Now that I have been diagnosed to have colon cancer, how will I be treated?
Different types of treatment are available for patients with colon cancer. Three types of standard treatment are used.
- Targeted Therapy
Surgery is the most common treatment for all stages of colon cancer. Some patients may be given chemotherapy therapy after surgery to kill any cancer cells that are left. Chemotherapy is a cancer treatment that uses drugs to stop the growth of cancer cells either by killing the cells or stopping them from dividing. Targeted therapy uses drugs or substances to identify and attack specific cancer cells without harming normal cells.
Which kind of surgery is done for colon cancer?
The type of surgery depends on the location of the cancer and extent. There are curative and palliative colectomies.
Curative surgeries are done with an aim to remove the entire cancer with a margin of normal tissue around and all the lymph nodes involved (lymphadenectomy). These include:
Right hemicolectomy refers to the resection of the ascending colon.
Left hemicolectomy refers to the resection of the descending colon.
Extended hemicolectomy is when a part of the transverse colon is also resected.
Sigmoid colectomy refers to the resection of the sigmoid colon.
Total colectomy refers to the resection of the entire colon.
Subtotal colectomy refers to the resection of the part of the colon or a resection of the entire colon without complete resection of the rectum.
Palliative surgery is done for symptom control and not with intent for cure. This is because these surgeries are done in patients with advanced disease who have developed complications of the cancer (mentioned above). In an obstructing advanced cancer, only a bypass of the block (colostomy) may be possible. Sometimes, even if a patient is taken up for emergency surgery due to a complication of the cancer, no resection may be possible if the disease is very advanced and the colon will just have to be closed without any further surgical intervention.
In some patients with an obstruction who are not fit for surgery, endoscopic stenting of the tumour may be attempted.
Are there any alternatives besides surgery?
Till date, surgery is the only proven curative option for colon cancer.
How do I prepare myself for surgery?
The preparation is generally similar to any major surgery. If you are a smoker it is absolutely essential to stop smoking. Breathing exercises using the incentive spirometer and football bladder should be started. Follow the anesthetist’s advice regarding continuation of medications if you are on any. A high protein diet is preferred to improve nutrition.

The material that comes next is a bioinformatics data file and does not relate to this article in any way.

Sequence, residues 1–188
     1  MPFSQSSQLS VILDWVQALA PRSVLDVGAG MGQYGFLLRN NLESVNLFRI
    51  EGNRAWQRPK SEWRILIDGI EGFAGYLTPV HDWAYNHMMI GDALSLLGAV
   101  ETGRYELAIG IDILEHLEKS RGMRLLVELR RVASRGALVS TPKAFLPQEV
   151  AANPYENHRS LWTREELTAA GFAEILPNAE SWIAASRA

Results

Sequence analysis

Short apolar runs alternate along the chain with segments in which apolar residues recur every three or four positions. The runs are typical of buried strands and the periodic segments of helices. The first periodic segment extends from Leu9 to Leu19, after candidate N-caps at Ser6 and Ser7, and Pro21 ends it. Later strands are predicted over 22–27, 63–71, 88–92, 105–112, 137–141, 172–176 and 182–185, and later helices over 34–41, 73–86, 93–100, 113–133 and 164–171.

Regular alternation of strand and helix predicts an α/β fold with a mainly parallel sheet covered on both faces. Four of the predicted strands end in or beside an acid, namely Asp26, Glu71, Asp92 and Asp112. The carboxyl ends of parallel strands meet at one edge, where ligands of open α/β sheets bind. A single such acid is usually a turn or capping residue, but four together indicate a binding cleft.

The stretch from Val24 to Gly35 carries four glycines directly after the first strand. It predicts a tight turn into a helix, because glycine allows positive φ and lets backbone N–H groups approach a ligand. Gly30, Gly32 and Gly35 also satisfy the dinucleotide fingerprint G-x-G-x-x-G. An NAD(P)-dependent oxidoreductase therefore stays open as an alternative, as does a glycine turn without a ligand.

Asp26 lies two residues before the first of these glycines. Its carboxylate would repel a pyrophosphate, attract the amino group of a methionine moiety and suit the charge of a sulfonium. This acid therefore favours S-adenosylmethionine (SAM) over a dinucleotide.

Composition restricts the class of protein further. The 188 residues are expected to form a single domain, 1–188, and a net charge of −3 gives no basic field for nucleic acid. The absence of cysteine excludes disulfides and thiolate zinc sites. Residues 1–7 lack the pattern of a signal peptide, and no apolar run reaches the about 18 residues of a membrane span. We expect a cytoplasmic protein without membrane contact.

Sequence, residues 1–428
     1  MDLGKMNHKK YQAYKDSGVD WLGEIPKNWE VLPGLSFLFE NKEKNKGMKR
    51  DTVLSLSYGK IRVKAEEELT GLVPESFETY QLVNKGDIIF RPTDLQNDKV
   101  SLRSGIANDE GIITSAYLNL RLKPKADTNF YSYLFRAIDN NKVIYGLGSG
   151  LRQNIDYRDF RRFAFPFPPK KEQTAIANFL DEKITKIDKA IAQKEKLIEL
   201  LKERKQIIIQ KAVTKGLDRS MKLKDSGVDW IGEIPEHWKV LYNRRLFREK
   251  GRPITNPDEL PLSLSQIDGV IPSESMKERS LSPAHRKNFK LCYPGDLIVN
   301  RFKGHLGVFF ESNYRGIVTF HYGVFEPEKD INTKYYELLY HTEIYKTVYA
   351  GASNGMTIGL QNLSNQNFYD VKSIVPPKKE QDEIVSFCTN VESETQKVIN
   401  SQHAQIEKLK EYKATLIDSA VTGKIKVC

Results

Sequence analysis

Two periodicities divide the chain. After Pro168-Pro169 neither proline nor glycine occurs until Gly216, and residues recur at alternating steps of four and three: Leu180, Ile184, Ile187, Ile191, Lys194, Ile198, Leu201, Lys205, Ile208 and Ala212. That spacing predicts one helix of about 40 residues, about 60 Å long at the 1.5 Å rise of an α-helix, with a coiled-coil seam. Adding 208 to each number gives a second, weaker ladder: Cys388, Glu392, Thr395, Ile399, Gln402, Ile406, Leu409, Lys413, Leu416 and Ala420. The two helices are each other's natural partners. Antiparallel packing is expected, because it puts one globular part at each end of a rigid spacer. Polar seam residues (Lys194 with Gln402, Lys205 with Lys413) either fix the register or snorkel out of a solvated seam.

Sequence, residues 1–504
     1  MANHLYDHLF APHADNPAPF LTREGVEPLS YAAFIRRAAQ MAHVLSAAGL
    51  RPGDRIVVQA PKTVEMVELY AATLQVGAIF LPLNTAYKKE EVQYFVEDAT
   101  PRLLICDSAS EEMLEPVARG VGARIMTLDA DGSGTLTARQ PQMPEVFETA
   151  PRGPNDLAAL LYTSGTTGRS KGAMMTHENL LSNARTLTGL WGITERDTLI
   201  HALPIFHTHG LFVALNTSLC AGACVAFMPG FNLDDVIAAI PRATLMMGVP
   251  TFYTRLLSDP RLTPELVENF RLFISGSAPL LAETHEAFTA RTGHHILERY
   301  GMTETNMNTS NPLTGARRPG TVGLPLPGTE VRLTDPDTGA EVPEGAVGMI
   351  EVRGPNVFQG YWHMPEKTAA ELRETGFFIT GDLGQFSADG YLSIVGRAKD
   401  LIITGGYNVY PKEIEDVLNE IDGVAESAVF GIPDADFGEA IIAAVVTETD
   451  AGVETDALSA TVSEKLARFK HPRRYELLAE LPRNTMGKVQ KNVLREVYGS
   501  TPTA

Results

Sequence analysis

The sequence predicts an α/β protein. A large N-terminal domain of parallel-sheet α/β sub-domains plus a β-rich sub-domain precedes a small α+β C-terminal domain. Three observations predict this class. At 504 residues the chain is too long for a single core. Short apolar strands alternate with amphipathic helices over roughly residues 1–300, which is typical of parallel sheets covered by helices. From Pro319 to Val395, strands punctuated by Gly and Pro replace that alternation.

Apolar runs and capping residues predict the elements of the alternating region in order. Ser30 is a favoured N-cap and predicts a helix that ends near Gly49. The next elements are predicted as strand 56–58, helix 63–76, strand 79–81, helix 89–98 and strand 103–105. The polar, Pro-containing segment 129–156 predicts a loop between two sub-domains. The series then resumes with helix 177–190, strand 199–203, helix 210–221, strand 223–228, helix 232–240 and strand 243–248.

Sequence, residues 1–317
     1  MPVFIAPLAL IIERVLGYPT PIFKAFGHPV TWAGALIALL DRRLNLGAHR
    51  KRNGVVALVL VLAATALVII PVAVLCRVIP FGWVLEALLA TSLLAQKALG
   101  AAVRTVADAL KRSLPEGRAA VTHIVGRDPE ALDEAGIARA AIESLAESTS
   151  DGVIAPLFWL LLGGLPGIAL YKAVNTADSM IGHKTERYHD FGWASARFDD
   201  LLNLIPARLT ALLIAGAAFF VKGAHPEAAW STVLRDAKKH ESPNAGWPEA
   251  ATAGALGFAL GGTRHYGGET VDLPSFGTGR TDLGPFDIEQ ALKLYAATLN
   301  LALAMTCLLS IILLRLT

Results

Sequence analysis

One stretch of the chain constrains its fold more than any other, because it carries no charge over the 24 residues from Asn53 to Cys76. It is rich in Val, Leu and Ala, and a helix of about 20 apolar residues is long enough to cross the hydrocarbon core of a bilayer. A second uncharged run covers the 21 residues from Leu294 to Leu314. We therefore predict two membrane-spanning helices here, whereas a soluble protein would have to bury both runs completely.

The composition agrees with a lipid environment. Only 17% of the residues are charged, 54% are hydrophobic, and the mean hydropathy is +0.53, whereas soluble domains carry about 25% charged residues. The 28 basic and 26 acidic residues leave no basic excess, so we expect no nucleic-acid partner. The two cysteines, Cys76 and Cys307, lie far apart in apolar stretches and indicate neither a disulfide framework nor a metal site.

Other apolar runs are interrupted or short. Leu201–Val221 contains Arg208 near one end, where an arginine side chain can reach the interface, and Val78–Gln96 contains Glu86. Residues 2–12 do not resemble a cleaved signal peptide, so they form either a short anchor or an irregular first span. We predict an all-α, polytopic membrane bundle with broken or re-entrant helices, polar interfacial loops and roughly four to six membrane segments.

How major is the surgery? What are the possible complications?
Colectomies with lymphadenectomy and other colon surgeries are deemed as major surgeries with a risk of complications and a very small risk of death (<2%). This means that if 100 people are operated, less than 2 of them have a chance of death.
The complications of Colectomies (removal of the colon and lymph nodes and
joining back (anastomosis) the healthy bowel / intestine) include:
- Leak of anastomosis
- Bleeding from the anastomosis
- Bladder and ureteric injuries
- Injury to the duodenum
- Wound infections
For how long do I stay in the hospital?
In an uncomplicated case, hospital stay after surgery is 7-10 days. This may be longer when there are complications.
Will I need any further treatment after surgery?
The decision about adjuvant treatment is based on the final histopathology report which will be available approximately 7-10 days following surgery. If any of the lymph nodes are positive and your general condition is good enough then you may be referred to the medical (GI) oncologist for consideration for chemotherapy.
What will be my survival after surgery? Are there any chances of the cancer coming back?
The survival depends on the stage of the disease. The average 5-year survival for all stages after curative surgery for colorectal cancer is between 40-75% depending on the stage of the cancer. As of date there is no foolproof way of predicting which patients will have recurrence and which patient will not.
Are there any special precautions I need to take to prevent cancer from coming back?
No there are no such proven precautions.
How frequently should I follow up after surgery?
After completion of treatment you will be advised to follow-up once in 3-4 months in the first 2 years. Then the frequency will be reduced to once in 6 months for the next 2-3 years. Subsequent follow up will be once a year. During each follow-up you will be asked to do certain blood tests, especially CEA. You may also be advised to get an ultrasound of the abdomen and colonoscopy done. Colonoscopy can show recurrence of polyps or cancer in the colon. In addition to checking for cancer recurrence, patients who have had colon cancer may have an increased risk of cancer of the prostate, breast and ovary. Therefore, follow-up examinations should include these areas.